Burma remains a land in deep crisis. The popular uprising of 1988 swept away 26 years of military rule under General Ne Win in name only. The National League for Democracy of Aung San Suu Kyi won a landslide victory in the 1990 election. But, as this book relates, the military remained in control and the future of Burma looks more problematic than ever.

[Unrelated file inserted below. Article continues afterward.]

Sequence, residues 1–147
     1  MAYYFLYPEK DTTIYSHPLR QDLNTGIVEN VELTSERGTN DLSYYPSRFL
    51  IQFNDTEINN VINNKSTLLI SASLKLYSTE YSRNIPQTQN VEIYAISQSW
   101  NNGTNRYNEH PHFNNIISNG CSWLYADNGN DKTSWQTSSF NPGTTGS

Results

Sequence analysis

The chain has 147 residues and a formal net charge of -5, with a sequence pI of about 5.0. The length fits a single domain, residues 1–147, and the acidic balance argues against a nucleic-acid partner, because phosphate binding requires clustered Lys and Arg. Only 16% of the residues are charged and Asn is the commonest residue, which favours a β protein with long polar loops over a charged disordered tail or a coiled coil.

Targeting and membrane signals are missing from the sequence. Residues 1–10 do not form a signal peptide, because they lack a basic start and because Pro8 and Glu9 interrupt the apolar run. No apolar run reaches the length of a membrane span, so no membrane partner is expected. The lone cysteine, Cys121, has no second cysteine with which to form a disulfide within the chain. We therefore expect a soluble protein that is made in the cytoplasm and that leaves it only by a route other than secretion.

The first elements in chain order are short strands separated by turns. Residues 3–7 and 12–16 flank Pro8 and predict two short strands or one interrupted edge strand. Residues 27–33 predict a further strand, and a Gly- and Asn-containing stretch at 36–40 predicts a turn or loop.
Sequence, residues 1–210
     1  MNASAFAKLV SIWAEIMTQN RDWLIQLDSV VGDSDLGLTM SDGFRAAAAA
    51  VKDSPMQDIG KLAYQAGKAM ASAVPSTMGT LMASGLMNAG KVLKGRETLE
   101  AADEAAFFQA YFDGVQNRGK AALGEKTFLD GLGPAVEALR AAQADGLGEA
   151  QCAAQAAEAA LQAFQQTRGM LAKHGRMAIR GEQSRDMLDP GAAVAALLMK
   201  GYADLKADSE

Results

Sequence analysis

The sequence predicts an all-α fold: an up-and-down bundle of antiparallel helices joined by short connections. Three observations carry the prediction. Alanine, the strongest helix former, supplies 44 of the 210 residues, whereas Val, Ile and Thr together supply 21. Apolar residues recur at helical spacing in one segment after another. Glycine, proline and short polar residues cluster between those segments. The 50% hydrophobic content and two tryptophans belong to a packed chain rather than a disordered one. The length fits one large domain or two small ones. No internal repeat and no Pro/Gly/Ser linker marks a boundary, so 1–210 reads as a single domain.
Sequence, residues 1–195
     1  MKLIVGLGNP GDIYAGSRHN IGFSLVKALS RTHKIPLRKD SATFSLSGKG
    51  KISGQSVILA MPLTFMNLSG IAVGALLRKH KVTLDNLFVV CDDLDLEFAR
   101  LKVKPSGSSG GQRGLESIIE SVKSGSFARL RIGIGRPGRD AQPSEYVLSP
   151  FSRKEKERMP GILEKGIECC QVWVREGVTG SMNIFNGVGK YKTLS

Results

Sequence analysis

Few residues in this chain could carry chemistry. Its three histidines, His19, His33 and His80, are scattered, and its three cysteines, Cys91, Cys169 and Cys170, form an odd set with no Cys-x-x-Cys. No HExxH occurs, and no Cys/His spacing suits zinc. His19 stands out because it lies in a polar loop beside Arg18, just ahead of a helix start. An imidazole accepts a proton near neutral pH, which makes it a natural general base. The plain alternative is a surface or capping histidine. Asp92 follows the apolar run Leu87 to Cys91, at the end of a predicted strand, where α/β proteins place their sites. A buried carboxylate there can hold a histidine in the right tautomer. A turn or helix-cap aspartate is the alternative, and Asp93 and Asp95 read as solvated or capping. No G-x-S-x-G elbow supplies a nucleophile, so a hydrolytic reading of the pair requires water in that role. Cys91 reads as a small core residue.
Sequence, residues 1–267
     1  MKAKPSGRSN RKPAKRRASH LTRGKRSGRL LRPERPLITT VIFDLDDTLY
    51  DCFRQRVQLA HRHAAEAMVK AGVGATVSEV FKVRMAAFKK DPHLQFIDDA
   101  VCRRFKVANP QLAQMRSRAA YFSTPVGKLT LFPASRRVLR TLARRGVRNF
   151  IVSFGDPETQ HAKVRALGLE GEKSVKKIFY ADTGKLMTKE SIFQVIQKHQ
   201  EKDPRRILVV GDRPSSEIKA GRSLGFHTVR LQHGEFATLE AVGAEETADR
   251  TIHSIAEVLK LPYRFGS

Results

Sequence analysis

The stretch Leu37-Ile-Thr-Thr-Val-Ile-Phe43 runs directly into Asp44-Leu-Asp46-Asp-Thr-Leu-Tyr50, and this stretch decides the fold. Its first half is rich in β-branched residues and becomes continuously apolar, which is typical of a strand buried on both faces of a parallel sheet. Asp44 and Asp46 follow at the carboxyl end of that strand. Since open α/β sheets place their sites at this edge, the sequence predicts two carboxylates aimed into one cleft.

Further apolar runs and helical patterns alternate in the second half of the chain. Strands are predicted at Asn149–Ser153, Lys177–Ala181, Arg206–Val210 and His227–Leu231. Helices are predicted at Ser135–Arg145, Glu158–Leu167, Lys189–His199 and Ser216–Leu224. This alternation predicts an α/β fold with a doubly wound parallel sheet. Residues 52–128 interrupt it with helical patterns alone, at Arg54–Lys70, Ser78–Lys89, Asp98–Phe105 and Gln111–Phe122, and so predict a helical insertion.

With unparalleled command of largely inaccessible Burmese sources and interviews with many of the leading participants, Martin Smith charts the rise of modern political parties and unravels the complexities of the long-running insurgencies waged by opposition groups, including the Communist Party of Burma, the Karen National Union and a host of other ethnic nationalist movements. It is essential reading for those interested in the conditions giving rise to guerrilla warfare, the character of national liberation movements, and the impact of ethnicity on political conflict.